Tuesday, February 14, 2017

Watered-Down Love: Dylan Contrasts Agape With Its Lesser Kin

"If I speak in the tongues of men or of angels, but do not have love, I am only a resounding gong or a clanging cymbal. If I have the gift of prophecy and can fathom all mysteries and all knowledge, and if I have a faith that can move mountains, but do not have love, I am nothing. If I give all I possess to the poor and give over my body to hardship that I may boast, but do not have love, I gain nothing."
--I Corinthians 13:1-3

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Last night I saw a trailer for a film in which the main character is trying to work out whether he really loves this person with whom he is in a relationship. There's a snippet in which he is hashing out this question with his mother. The dialogue reminded me of the Young Rascals' song, "How Can I Be Sure?" If you recall the lyrics, he sings, "How can I be sure, in a world that's constantly changing, how can I be sure... with you?"

One of the more famous songs in Fiddler on the Roof begins, "Do you love me?" (The song begin with an inquiry by Tevye, to his wife Golde, whom he wed in an arranged marriage.) This story, too, revolves around meanings of love.

Hollywood love, rock 'n roll love, carnal love, erotic love, brotherly love, All You Need Is Love... Love comes in a whole range of flavors. The Greeks recognized this and used different words to describe four distinct types of love -- storge, philia, eros and agape -- which C.S.Lewis wrote about in his insightful volume The Four Loves.

On the fifth track of his album Shot Of Love (1981), Bob Dylan shares his own insights on this topic in a song called Watered-Down Love. Here are the lyrics, with alternating colors identifying earmarks of a higher love and what it is not. It's an interesting literary device, clarifying what something is by contrasting it with what it is not.

Watered Down Love

Love that's pure hopes all things
Believes all things, won't pull no strings
Won't sneak into your room, tall, dark and handsome
Capture your soul and hold it for ransom.

You don't want a love that's pure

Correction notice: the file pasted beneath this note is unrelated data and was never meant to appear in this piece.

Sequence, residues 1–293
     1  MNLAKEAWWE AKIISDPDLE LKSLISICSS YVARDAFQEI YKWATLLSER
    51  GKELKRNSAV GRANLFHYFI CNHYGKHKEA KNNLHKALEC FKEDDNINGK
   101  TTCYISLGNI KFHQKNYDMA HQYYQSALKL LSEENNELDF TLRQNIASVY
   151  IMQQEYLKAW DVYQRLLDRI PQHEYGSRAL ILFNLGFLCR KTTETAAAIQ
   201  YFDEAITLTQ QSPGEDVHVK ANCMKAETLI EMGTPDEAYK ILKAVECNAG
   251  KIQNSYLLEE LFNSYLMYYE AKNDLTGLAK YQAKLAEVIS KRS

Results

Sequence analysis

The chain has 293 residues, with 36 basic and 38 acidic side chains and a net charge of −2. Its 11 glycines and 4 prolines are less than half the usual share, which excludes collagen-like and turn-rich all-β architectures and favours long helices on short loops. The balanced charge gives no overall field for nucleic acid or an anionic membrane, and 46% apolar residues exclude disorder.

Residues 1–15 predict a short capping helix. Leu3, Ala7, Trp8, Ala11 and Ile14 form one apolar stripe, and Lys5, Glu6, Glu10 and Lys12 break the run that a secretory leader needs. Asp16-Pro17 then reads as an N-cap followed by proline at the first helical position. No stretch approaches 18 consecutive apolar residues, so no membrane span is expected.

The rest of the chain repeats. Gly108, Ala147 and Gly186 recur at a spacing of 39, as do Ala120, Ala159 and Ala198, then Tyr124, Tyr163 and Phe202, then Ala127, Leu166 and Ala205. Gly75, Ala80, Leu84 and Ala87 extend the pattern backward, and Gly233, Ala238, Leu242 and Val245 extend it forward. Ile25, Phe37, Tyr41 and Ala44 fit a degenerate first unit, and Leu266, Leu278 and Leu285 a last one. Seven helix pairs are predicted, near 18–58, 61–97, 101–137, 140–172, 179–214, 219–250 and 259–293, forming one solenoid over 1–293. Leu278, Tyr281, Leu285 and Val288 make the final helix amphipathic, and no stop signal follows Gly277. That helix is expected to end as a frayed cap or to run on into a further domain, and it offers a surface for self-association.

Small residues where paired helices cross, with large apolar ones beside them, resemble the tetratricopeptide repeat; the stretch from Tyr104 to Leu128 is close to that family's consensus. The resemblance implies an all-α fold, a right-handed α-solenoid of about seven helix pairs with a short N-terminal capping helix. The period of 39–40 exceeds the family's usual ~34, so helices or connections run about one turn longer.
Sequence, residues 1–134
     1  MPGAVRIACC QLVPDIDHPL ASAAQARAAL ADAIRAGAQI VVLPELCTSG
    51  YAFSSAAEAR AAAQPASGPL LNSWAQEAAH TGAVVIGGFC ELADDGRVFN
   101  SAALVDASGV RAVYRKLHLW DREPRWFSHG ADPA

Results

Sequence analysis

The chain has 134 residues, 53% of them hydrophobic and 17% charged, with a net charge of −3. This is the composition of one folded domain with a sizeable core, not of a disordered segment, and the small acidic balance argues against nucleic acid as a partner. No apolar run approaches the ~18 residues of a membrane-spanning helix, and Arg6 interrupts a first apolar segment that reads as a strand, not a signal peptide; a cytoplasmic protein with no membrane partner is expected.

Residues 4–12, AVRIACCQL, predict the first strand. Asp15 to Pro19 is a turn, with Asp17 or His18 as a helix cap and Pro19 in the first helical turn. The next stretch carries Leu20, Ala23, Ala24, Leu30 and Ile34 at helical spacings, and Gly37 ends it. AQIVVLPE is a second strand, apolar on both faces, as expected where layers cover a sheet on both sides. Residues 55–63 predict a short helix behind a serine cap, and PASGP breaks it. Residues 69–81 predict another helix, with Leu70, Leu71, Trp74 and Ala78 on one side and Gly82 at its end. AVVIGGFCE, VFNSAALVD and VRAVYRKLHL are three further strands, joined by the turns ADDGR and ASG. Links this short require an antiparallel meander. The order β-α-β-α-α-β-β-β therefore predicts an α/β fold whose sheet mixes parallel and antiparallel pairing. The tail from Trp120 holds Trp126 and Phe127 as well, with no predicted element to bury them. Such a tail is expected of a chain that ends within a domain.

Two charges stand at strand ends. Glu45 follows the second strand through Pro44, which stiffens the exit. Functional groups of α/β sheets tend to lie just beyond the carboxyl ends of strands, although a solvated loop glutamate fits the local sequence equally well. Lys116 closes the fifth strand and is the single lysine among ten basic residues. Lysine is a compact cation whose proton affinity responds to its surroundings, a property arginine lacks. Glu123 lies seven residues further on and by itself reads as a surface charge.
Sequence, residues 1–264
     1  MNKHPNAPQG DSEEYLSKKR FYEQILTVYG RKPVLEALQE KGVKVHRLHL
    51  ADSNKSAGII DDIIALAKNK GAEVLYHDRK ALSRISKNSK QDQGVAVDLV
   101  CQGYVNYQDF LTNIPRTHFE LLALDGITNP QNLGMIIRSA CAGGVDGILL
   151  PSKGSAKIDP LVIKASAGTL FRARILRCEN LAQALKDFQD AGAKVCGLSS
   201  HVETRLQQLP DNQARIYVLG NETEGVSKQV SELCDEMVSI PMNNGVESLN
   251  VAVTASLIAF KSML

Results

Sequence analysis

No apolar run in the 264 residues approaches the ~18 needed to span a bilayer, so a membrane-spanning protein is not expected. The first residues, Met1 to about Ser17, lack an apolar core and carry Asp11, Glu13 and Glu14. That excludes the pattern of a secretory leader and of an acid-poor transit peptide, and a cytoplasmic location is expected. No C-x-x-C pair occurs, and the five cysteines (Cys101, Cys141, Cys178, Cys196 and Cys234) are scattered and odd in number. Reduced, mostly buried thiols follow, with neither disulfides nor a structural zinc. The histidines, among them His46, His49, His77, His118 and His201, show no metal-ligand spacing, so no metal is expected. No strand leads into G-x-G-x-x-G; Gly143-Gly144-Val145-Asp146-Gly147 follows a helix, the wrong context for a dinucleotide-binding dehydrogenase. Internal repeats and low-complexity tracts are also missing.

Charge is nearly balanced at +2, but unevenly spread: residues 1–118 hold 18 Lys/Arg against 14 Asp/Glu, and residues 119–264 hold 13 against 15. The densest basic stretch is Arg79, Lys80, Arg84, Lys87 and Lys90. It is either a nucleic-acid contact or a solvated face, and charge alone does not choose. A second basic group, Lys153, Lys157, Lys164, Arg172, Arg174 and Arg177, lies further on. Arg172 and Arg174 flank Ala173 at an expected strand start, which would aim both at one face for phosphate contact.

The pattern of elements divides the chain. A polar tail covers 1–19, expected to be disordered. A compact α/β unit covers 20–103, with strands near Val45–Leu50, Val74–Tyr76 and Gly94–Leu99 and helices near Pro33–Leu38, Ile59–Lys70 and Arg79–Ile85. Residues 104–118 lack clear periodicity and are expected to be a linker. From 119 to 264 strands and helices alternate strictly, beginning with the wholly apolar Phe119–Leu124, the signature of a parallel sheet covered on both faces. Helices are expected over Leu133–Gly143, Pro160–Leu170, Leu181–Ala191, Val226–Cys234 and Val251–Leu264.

You want to drown love
You want a watered-down love.

Love that's pure, it don't make no claims
Intercedes for you 'stead of casting you blame
Will not deceive you or lead you to transgression
Won't write it up and make you sign a false confession.

You don't want a love that's pure
You want to drown love
You want a watered-down love.

Love that's pure won't lead you astray
Won't hold you back, won't mess up your day
Won't pervert you, corrupt you with stupid wishes
It will not make you envious. It won't make you suspicious.

You don't want a love that's pure
You want to drown love
You want a watered-down love.

Love that's pure ain't no accident
Always on time, is always content
An eternal flame, quietly burning
Never need to be proud or loud, nor restlessly yearning.

You don't want a love that's pure
You want to drown love
You want a watered-down love.

Copyright © 1981 by Special Rider Music

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From June 10 to November 21, Dylan performed this song 41 times in 1981.

What is love? It takes a lifetime to learn... and part of that time is learning what it's not. When we think about life's big questions -- like, Why am I here? -- this is one of the big ones. 

3 comments:

hans altena said...

A nice article about a song that always bugs me, for I find it too obvious and abstract, without those many layers and sudden dives into depths seldom explored but yet felt by most of us, that can characterize a good Dylan lyric. Moreover, the childish melody and jaunty rhythm never fail to puzzle me, so lacking that rootsy sound he can conjure in his best compositions. So, the message is nice, but no thanks, give me an Angelina or Carribean Wind or even A Shot of Love. This one is better forgotten and should have been left of the record together with its counterpart Proporty of Jesus in my humble oppinion, but of course. its his album, so I'd better shut up about maybe, there ain't no going back...

Michael Leahy said...

Fine article about a fine song. If more people absorbed its message it would save a lot of misery and heartbreak.

Ed Newman said...

Thanks for the comments.

Hans, I understand the reactions of some of Dylan's detractors. Though I personally do like this song it would not make very many "best of " lists. I have a number of other favorites that do come from this "Gospel phase" that Dylan was in. (Interesting that we find the song "Lenny Bruce" directly preceding this, a song about a man whose irreverently shone a light in the power-makers' beds)

Thanks for the note Michael. That is why I shared this on Valentine's Day...